Post disinvestment blues, the government is now eyeing a ‘merger of sorts’ between oil companies with BPCL being merged with ONGC while HPCL falling into IOC’s kitty. The aim is to create substantial entry blocks for new private and international players. With over 22,000 retail outlets by the turn of this fiscal and only a 3% to 4% growth across the energy sector, this move seems to be a positive for the downstream oil marketing companies so as to sustain profitability and growth.
In this backdrop, let us take a look at the business profiles of the two marketing majors – HPCL and BPCL, based on certain key factors.
Refineries: BPCL, with a refining capacity of 8.7 MTPA (million tonnes per annum) on its books is way behind HPCL’s refining capacity of nearly 13 MTPA. As a result, the former is more dependent on external sources for products as compared to the latter. With firm international product prices backed by strong demand, refining margins in FY04 have been robust as a result of import parity pricing enjoyed by the refineries. Both the oil majors are increasing capacity of their refineries going forward, with BPCL increasing Mumbai refinery’s capacity by nearly 3.5 MTPA while HPCL increasing the combined capacity by 3 MTPA.
Refining Cap (MMTPA)
Crude throughput (MMTPA)
Gross refining margins
* Combined refining margins of two refineries at Mumbai and Visakh
Retail marketing: On this front, BPCL has proved to be more aggressive as compared to HPCL. As mentioned above, although BPCL’s external dependence for products is higher as compared to HPCL, the company was able to increase its market share in FY04 in some of the major products (like diesel, LPG and naphtha).
Market sales (MMTPA)
LPG customers (m)
LPG sales (MMTPA)
Market share - LPG (%)
Market share - diesel (%)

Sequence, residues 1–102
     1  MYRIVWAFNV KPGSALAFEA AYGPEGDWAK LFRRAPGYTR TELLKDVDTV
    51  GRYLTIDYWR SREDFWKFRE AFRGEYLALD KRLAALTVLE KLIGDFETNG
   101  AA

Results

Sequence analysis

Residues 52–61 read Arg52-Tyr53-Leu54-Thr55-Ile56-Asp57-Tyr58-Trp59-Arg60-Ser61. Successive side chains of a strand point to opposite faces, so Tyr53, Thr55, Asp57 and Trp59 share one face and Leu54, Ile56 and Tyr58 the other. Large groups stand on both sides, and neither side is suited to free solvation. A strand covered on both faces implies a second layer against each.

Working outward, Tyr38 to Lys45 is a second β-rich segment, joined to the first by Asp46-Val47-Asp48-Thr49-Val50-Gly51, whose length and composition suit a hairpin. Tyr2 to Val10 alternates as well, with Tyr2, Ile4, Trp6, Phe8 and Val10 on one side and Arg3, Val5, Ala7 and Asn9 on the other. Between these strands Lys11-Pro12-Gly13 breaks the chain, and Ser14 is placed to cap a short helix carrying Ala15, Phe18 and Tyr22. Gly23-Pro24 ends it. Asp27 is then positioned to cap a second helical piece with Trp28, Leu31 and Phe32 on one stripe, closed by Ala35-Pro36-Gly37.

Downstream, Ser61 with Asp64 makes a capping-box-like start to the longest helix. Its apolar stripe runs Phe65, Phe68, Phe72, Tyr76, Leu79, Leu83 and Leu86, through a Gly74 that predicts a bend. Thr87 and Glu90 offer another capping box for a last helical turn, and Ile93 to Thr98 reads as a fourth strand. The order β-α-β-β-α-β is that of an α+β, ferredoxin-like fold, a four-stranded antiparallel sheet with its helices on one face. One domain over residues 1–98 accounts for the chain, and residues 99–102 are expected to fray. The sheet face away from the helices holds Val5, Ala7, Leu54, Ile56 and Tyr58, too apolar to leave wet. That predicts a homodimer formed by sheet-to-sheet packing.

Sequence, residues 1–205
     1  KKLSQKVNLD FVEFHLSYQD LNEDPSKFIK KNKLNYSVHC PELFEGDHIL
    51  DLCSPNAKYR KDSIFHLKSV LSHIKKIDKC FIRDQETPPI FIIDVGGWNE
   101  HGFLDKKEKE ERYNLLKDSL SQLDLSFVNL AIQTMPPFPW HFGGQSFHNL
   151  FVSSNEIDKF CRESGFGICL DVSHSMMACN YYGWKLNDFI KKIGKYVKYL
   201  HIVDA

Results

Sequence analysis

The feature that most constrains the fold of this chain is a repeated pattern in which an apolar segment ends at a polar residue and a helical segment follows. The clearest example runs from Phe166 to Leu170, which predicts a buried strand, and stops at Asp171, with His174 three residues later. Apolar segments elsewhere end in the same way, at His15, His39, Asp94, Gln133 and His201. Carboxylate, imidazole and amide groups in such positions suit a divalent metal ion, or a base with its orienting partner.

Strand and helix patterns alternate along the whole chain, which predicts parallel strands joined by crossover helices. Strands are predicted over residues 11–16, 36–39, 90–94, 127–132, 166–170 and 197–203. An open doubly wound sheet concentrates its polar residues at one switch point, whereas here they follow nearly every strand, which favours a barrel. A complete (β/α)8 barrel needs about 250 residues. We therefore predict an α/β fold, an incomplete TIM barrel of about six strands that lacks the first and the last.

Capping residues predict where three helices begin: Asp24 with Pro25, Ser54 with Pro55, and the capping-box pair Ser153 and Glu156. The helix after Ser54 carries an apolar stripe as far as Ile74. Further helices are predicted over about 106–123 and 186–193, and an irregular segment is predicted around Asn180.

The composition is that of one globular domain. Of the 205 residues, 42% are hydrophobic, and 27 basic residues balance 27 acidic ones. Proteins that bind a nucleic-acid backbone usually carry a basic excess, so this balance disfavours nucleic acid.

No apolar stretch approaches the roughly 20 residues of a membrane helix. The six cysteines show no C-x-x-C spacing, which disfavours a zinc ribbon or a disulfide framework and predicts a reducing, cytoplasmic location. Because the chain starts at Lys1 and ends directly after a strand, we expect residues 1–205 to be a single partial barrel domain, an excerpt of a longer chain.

External dependence (%)
Operational performance: During FY04, although BPCL witnessed higher sales growth as compared to HPCL, the operating profit margins were lower than the latter. This was largely due to the fact that BPCL had to shell out a large portion of its operating expenditure towards other refineries for products traded (purchase for resale) given the fact that BPCL sources nearly 59% of its product portfolio from external sources such as its subsidiary Kochi Refineries and Numaligarh refineries (not on BPCL’s books). On the contrary, HPCL’s external dependence is only to the tune of 30%, enabling the company to enjoy higher product margins. At the same time, better capacity utilization and high growth investments enabled BPCL to achieve higher returns on assets and networth respectively.
A peek at the performance (%)
Through this performance analysis, it seems that the two majors are on the same growth trajectory. However, with a slight diversification in its product portfolio (LNG – Liquefied Natural Gas), BPCL seems to be having a slight advantage in the marketing business. Further, the company is also contemplating entry into nearly 20 cities with gas distribution. On the other hand, HPCL is yet to take a concrete step in the LNG business. Although high refining capacity insulates HPCL to some extent from the squeeze in marketing margins, the same advantage over BPCL shall be negated to some extent after FY05 when BPCL increases capacity to 12 MTPA. Further, the merger of Kochi Refineries shall bring in more operational efficiencies to BPCL and also bring in the refining margins on to the company’s books.
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